Marine veteran John Canley is set to receive the nation’s highest military honor.
Canley led Marines through the streets fighting in the Vietnamese city of Hue more than 50 years ago. The Battle of Hue took place during the Tet Offensive, Jan. 31-Feb. 6, 1968. Canley, now 80 and a retired sergeant major, carried several wounded Marines while under heavy enemy fire and assumed command to maintain the unit’s organization and morale in what’s known as the most chaotic battle of the Vietnam War.
Canley was wounded more than once during the fighting, but still continued pushing forward.
“So they hear a noise and they look back and there’s Canley. He’s walking down, upright, not running, walks over the little berm, picks up the first guy, throws him over his shoulder and walks back,” John Ligato, a Marine and FBI agent, told Newsweek about Canley’s heroics. “So there’s two independent eyewitnesses on this. ... Canley says to them, individually, ‘Keep down, there’s a lot of incoming.’”
On Tuesday, President Trump announced that Canley will be awarded the Medal of Honor on Oct. 17 for his “conspicuous gallantry.”
Canley will be the sixth American to receive the honor from Trump and the third Vietnam War veteran, The Hill reported.
“It means a lot to me,” Canley told USA Today. “Mostly for my Marines because we’ve had to wait 50-plus years to get any kind of recognition.”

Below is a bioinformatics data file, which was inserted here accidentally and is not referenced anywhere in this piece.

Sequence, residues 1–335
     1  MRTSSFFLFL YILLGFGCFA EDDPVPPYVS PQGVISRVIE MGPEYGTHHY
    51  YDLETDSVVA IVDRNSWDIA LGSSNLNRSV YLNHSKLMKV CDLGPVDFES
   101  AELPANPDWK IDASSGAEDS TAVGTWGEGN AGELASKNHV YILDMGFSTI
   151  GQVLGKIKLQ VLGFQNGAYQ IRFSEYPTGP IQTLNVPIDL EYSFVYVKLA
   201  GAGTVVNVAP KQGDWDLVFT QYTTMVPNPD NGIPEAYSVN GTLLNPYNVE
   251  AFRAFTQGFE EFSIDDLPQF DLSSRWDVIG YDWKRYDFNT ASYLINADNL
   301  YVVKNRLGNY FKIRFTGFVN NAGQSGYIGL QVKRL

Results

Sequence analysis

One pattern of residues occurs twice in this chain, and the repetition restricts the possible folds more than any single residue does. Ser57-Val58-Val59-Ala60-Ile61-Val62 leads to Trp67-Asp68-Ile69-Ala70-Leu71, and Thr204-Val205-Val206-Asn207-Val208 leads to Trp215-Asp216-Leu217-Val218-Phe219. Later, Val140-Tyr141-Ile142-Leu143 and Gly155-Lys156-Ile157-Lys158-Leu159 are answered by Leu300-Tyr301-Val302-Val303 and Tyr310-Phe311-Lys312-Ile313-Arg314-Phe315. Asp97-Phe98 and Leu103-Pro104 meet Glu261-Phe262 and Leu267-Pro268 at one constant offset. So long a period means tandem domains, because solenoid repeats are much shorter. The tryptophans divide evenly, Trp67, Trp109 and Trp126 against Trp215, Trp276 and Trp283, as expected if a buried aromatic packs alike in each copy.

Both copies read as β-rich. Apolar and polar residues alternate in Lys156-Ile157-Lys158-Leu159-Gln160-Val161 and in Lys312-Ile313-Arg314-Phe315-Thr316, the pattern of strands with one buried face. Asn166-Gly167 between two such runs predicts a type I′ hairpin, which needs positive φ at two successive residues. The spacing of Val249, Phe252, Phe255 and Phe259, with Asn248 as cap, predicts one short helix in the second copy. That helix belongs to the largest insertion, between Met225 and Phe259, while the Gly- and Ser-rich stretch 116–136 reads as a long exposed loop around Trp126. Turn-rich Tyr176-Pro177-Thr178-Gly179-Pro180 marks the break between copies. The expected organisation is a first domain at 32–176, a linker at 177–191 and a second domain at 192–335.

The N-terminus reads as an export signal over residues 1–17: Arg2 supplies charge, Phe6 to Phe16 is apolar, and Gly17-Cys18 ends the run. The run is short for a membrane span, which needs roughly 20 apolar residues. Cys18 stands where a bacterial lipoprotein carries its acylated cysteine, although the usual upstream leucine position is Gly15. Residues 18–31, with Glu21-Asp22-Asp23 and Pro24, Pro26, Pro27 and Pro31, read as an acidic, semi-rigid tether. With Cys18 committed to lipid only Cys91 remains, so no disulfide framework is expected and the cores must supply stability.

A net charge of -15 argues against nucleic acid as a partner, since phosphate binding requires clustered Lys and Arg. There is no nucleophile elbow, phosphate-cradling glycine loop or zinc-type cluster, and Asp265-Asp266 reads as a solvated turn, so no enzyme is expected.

Ligato said he was amazed at Canley’s Zenlike calm during battle.
“He never ran and he never ducked,” Ligato told Newsweek. “You know, it’s just amazing. I don’t know if he had some sort of death wish or what — Gunny says that he just gets into a zone and does what he has to do. ... I don’t know how the bullets didn’t hit him.”
Canley, who spent 28 years in the service, left El Dorado, Arkansas, at the age of 15 to join the Marines.
He was deployed to Vietnam several times from 1965 to 1970 and his efforts saved the lives of many men, earning him the Navy Cross.
“Being a leader is about taking care of your people,” Canley said in a news release in February. “If you do that, they will take your view, and you don’t have to worry about your mission, and it really doesn’t matter whether or not it’s military or civilian: if you’re in a leadership position, you should always remember that.”
The Associated Press contributed to this report.